Selling to the Government
Sales to the GDRC have been a major source of revenue for many companies operating in the DRC, given the significant contribution of government and parastatal agencies to the economy, the dominance of large trading houses, and the tendency of large private sector companies to buy directly from traditional external suppliers. There are many procurement opportunities in all sectors, but particularly in infrastructure, energy, health, education, and transportation.
- Securing projects can be difficult because ministries and parastatals have unclear and overlapping responsibilities, procurement procedures are unclear or non-existent, key figures play critical roles, and funding is often difficult to obtain. As a result, companies often seek agreements through specific ministries, parastatals, or the Office of the President. Patience and personal relationships are companies’ most valuable assets in such transactions. In the past, government procurement has favored low-cost bidders at the expense of more aggressive bid evaluation.
- The Autorité de Régulation des Marchés Publics (ARMP) is the regulatory authority for public procurement. ARMP is placed under the authority of the Prime Minister’s office. Its main objective is to regulate and control public procurement throughout the DRC. The Direction Générale des Marchés Publics (DGCMP) under the Ministry of Budget is responsible for the review and approval of bids for all public procurement programs. The World Bank finances its projects through several Congolese agencies, including the Central Coordination Office (BECECO), the Project Coordination Unit (UCOP), and the Central Infrastructure Contracting Office (BCMI). The DRC is a party to the WTO Agreement on Government Procurement .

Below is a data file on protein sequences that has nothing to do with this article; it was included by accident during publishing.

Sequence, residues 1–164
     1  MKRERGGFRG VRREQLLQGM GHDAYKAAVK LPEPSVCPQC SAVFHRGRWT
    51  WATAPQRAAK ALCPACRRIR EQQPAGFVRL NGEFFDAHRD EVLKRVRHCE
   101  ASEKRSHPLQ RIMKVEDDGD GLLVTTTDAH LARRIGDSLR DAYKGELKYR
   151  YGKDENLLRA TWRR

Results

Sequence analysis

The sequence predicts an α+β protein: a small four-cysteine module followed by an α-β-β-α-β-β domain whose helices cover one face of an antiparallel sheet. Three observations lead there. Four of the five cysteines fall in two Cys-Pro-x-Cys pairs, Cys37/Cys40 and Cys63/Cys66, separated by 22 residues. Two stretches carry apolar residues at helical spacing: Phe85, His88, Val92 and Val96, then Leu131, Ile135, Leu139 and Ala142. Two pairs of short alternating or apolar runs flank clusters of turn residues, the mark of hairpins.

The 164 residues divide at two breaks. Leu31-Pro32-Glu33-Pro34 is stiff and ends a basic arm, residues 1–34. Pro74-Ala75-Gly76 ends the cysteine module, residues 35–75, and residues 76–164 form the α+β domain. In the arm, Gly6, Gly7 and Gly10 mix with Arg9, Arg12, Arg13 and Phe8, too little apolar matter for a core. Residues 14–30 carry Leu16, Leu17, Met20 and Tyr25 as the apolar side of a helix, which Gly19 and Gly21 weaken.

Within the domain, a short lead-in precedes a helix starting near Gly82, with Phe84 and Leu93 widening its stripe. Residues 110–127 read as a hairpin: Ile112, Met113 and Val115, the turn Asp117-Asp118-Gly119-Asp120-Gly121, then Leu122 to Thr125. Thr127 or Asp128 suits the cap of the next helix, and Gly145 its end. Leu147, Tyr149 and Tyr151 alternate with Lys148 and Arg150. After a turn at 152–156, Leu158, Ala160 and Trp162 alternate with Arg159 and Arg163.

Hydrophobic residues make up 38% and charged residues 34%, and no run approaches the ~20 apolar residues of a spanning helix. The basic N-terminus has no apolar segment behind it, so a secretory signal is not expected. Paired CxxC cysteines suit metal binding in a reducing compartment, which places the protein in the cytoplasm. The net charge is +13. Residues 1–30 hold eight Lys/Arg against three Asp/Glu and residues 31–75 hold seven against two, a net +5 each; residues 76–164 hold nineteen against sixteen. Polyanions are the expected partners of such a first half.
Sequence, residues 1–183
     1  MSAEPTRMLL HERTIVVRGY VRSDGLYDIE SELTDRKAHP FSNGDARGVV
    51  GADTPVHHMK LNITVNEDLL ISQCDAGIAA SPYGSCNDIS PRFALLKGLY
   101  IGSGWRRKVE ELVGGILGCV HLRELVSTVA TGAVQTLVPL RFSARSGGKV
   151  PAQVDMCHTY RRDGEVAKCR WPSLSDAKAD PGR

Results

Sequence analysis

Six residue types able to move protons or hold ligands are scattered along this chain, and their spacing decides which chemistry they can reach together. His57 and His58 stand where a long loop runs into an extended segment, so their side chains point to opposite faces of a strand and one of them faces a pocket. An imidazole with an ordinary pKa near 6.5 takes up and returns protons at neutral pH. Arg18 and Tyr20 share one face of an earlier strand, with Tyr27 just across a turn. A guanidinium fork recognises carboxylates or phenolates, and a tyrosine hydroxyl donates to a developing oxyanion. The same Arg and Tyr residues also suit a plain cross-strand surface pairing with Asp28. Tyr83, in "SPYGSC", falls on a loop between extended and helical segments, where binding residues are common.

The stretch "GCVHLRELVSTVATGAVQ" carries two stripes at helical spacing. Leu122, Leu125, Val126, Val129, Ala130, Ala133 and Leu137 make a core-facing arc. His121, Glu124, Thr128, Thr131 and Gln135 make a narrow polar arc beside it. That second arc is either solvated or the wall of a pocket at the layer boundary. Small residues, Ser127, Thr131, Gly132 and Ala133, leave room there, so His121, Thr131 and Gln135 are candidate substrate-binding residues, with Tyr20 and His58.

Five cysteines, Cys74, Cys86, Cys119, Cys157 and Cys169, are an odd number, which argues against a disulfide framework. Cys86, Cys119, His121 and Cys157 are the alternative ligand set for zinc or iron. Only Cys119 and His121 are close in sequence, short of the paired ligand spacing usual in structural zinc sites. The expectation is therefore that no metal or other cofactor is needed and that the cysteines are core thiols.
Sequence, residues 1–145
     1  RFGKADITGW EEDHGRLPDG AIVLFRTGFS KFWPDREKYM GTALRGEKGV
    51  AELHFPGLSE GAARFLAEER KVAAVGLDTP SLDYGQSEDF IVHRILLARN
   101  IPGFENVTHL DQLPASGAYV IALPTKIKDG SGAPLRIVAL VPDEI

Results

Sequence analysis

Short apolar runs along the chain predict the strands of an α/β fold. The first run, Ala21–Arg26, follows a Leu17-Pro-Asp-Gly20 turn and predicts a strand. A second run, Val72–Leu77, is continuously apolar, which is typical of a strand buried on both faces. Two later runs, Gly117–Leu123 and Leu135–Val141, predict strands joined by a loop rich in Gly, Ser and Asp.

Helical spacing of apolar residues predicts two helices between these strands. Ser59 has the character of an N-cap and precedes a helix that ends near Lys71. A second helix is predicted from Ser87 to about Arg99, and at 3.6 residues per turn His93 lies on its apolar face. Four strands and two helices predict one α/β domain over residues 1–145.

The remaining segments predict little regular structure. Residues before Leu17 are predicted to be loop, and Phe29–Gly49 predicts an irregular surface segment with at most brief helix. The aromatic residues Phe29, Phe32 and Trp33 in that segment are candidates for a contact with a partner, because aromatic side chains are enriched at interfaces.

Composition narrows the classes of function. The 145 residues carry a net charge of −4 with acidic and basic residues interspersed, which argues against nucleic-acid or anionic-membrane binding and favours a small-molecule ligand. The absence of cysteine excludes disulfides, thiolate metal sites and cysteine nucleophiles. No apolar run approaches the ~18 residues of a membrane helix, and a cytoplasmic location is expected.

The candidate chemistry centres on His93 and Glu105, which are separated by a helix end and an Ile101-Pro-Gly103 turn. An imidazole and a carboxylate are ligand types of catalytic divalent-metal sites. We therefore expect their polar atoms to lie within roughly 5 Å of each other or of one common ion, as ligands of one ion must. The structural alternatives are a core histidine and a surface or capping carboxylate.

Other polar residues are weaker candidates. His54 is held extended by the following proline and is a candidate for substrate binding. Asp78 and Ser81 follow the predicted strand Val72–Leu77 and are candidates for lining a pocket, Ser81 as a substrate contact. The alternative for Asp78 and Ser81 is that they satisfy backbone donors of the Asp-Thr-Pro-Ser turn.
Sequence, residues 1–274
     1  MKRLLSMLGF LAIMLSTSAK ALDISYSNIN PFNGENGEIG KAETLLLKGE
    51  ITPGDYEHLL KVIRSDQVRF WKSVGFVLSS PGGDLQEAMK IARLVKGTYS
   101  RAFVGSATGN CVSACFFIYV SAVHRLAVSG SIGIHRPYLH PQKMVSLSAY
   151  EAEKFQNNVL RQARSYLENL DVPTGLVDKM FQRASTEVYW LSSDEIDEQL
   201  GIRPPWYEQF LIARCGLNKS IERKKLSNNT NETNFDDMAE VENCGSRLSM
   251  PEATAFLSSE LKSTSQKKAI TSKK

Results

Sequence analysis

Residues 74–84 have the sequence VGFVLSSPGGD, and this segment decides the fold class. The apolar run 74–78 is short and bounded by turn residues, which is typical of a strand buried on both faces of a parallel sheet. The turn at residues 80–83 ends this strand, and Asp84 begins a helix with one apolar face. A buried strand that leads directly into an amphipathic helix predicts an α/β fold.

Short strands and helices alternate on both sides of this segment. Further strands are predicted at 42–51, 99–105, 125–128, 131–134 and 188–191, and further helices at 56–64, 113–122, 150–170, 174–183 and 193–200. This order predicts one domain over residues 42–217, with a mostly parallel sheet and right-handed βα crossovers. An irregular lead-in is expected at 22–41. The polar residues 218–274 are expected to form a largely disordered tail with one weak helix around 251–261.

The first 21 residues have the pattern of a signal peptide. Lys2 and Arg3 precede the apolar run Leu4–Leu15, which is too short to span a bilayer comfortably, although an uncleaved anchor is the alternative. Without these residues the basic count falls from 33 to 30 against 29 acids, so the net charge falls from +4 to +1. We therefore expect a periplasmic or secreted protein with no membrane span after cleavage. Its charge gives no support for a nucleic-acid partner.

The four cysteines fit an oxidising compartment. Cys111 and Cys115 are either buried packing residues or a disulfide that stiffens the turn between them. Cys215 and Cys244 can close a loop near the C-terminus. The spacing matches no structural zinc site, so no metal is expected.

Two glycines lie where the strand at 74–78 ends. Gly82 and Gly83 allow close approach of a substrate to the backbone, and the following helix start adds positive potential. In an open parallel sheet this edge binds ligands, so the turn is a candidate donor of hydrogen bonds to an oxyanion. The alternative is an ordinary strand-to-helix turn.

- U.S. companies bidding on government tenders may also qualify for U.S. Government advocacy. A unit of the U.S. Commerce Department’s International Trade Administration, the Advocacy Center coordinates U.S. Government interagency advocacy efforts on behalf of U.S. exporters bidding on public sector contracts with foreign governments and government agencies. The Advocacy Center works closely with our network of the U.S. Commercial Service offices worldwide and inter-agency partners to ensure that exporters of U.S. products and services have the best possible chance of winning government contracts. Advocacy assistance can take many forms but often involves the U.S. Embassy or other U.S. Government agencies expressing support for the U.S. bidders directly to the foreign government. Consult Advocacy for Foreign Government Contracts for additional information.
Financing of Projects
Several bilateral and multilateral organizations finance infrastructure and development projects, including USAID, the World Bank, the United Nations Development Program, the European Commission (EC), China’s EXIM Bank, the African Export-Import Bank, and the African Development Bank (ADB). U.S. investors should explore procurement opportunities through these organizations.
Multilateral Development Banks and Financing Government Sales
Price, payment terms, and financing can be a significant factor in winning a government contract. Many governments finance public works projects through borrowing from Multilateral Development Banks (MDB). A helpful guide for working with the MDBs is the Trade Finance Guide. The U.S. Department of Commerce (USDOC) International Trade Administration (ITA) has a Foreign Commercial Service Officer stationed at each of the five different Multilateral Development Banks (MDBs): the African Development Bank; the Asian Development Bank; the European Bank for Reconstruction and Development; the Inter-American Development Bank; and the World Bank.
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